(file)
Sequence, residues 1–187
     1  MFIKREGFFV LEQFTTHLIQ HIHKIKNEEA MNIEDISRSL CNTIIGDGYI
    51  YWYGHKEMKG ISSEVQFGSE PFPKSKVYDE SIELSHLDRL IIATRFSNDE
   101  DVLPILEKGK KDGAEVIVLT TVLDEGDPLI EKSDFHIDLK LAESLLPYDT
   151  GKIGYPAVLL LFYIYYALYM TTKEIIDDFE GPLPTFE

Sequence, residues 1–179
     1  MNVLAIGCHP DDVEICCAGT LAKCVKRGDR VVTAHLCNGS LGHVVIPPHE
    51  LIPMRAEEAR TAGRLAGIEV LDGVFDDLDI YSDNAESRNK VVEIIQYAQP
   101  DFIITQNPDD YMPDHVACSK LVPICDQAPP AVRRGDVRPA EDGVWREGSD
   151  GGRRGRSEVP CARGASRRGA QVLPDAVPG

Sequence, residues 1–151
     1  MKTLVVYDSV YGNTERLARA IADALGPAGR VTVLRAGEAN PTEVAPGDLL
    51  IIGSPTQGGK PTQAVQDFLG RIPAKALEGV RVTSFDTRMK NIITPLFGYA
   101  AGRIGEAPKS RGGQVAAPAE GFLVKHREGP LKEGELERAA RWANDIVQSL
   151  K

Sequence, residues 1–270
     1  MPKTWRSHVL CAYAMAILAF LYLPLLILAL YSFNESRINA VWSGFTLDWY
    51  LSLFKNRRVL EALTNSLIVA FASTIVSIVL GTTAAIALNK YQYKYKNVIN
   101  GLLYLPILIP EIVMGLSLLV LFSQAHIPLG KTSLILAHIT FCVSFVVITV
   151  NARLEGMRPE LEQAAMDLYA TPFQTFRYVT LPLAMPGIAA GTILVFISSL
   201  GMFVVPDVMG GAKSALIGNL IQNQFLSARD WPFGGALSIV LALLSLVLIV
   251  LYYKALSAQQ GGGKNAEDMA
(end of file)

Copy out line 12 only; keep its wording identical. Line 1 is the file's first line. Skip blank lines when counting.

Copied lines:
     1  MKTLVVYDSV YGNTERLARA IADALGPAGR VTVLRAGEAN PTEVAPGDLL